Welcome to Microsoft Pri0: That's Microspeak for top priority, and that's the news and observations you'll find here from Seattle Times reporter Sharon Chan.
January 22, 2009 8:14 PM
Posted by Benjamin J. Romano
Some Microsoft employees complained that the company did a poor job of sending the all-clear signal to those who weren't affected by today's layoffs. After a companywide e-mail from CEO Steve Ballmer went out this morning at 6:07 informing employees of the job cuts -- 1,400 of which took place today -- other executives followed up with e-mails telling their reports whether cuts would take place in their organization.
Some people heard that, yes, there would be cuts -- but that was all they heard. "There was no communication that I still have a job," said one person, who later learned that those who were let go Thursday were notified directly. By the afternoon, if you were still there, you were fine, this person said, but that didn't stop a day of jokes about whether badges used to open doors on campus were still working.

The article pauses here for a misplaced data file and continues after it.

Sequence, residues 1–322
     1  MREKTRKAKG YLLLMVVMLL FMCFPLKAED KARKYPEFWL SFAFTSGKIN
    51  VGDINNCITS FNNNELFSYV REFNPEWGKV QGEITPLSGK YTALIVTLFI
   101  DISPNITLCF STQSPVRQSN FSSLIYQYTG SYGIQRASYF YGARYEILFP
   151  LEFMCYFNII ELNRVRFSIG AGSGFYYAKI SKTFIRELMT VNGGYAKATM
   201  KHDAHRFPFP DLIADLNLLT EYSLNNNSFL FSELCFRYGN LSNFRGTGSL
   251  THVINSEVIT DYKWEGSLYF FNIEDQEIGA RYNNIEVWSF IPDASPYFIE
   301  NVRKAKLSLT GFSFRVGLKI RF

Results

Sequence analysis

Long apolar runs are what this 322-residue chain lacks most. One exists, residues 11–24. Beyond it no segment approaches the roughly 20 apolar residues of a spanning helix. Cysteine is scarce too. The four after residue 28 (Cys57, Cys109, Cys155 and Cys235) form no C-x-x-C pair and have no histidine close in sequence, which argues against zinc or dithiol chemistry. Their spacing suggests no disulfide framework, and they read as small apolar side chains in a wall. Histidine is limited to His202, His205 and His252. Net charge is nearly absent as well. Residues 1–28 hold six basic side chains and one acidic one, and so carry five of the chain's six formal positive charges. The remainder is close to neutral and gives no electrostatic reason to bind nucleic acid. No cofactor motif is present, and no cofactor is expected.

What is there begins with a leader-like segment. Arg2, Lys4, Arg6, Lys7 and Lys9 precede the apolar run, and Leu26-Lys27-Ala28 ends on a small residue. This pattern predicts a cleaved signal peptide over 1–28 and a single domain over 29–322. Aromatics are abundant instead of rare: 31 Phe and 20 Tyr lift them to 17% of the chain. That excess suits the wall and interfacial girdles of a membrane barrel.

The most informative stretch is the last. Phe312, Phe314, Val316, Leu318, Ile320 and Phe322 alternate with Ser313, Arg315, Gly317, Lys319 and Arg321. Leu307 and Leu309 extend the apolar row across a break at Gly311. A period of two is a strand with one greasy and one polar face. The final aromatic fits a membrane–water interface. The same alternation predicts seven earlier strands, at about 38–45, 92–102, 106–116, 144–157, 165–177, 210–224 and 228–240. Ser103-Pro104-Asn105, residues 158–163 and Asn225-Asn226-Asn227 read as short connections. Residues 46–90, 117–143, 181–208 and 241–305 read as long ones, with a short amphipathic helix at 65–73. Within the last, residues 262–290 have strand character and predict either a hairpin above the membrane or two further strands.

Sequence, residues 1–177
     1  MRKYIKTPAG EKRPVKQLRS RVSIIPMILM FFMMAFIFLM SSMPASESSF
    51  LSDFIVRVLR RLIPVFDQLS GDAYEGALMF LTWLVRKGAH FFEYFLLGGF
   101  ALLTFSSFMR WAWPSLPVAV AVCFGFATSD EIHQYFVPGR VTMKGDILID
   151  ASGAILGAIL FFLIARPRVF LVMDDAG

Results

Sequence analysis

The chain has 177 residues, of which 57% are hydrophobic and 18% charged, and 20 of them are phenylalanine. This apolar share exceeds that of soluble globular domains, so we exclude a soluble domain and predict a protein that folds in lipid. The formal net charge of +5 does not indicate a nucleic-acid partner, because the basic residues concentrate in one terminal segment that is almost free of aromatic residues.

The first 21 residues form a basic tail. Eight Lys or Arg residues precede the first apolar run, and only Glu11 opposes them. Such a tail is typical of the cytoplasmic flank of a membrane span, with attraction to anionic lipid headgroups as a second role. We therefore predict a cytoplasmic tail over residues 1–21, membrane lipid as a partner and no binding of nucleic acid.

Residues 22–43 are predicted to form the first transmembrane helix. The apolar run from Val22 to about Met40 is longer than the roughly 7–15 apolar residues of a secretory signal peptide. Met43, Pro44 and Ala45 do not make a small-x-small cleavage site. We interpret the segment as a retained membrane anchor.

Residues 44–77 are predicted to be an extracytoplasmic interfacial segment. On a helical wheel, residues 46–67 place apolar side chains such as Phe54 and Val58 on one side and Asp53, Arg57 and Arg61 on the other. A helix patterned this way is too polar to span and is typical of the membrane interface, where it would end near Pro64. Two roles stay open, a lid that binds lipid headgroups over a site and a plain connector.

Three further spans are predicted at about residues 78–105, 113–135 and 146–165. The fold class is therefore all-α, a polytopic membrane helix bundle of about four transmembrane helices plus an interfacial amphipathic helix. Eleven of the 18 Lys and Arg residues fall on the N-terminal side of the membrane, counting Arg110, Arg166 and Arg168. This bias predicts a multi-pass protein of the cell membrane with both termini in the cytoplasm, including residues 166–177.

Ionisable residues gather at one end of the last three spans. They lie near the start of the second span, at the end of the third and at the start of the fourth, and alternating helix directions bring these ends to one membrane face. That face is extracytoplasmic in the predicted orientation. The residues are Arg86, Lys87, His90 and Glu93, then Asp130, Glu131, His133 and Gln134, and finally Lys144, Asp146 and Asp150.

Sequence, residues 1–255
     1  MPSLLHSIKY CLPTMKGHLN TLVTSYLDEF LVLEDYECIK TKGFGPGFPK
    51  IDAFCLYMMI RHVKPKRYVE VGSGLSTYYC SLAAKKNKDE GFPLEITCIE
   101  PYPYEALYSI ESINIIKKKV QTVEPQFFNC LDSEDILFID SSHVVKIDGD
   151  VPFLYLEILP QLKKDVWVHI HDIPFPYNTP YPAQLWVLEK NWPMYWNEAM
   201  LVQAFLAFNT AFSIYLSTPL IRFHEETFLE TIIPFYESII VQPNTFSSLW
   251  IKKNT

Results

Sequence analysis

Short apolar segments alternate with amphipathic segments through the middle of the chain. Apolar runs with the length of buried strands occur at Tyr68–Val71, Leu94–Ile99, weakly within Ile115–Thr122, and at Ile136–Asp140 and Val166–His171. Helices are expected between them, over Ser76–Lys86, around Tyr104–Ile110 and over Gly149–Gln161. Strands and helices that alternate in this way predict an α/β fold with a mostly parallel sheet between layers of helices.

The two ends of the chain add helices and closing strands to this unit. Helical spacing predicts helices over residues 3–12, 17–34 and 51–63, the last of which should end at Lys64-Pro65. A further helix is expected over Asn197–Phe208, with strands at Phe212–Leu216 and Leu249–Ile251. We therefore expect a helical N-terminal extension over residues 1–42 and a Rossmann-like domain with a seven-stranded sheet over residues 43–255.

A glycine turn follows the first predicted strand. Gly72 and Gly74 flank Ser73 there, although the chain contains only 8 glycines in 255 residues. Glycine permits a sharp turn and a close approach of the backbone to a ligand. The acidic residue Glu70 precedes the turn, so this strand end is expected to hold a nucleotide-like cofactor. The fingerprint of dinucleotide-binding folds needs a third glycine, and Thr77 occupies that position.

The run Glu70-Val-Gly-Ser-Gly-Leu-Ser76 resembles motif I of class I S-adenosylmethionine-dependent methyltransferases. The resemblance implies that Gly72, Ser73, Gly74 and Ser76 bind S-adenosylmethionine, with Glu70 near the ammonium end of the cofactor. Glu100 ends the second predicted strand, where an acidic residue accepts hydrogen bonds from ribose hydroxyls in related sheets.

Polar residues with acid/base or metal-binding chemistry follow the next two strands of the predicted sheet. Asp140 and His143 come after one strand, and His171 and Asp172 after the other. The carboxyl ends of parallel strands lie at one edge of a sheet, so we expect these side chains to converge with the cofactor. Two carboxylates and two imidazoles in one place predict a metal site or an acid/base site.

Others complained about the huge window of insecurity hanging over Microsoft employees heads. The company plans to shed up to 3,600 additional positions in the next 18 months. Several people expressed that they wish the company had done it all at once, to get it over with.
One executive e-mail acknowledged this continuing uncertainty.
"I know you'll also have questions about the announcement that the company will eliminate further positions over the next 18 months," the executive wrote. "While no specific decisions have been made about the areas where we will make these additional changes, those areas that represent opportunity for cost savings by reducing duplicate investment will be examined closely."
Microsoft is holding a town hall-style meeting with employees Friday morning at 9 a.m.
Here's more coverage of Microsoft's layoffs.
Furniture & home furnishings
A LIONEL train sale
POST A FREE LISTING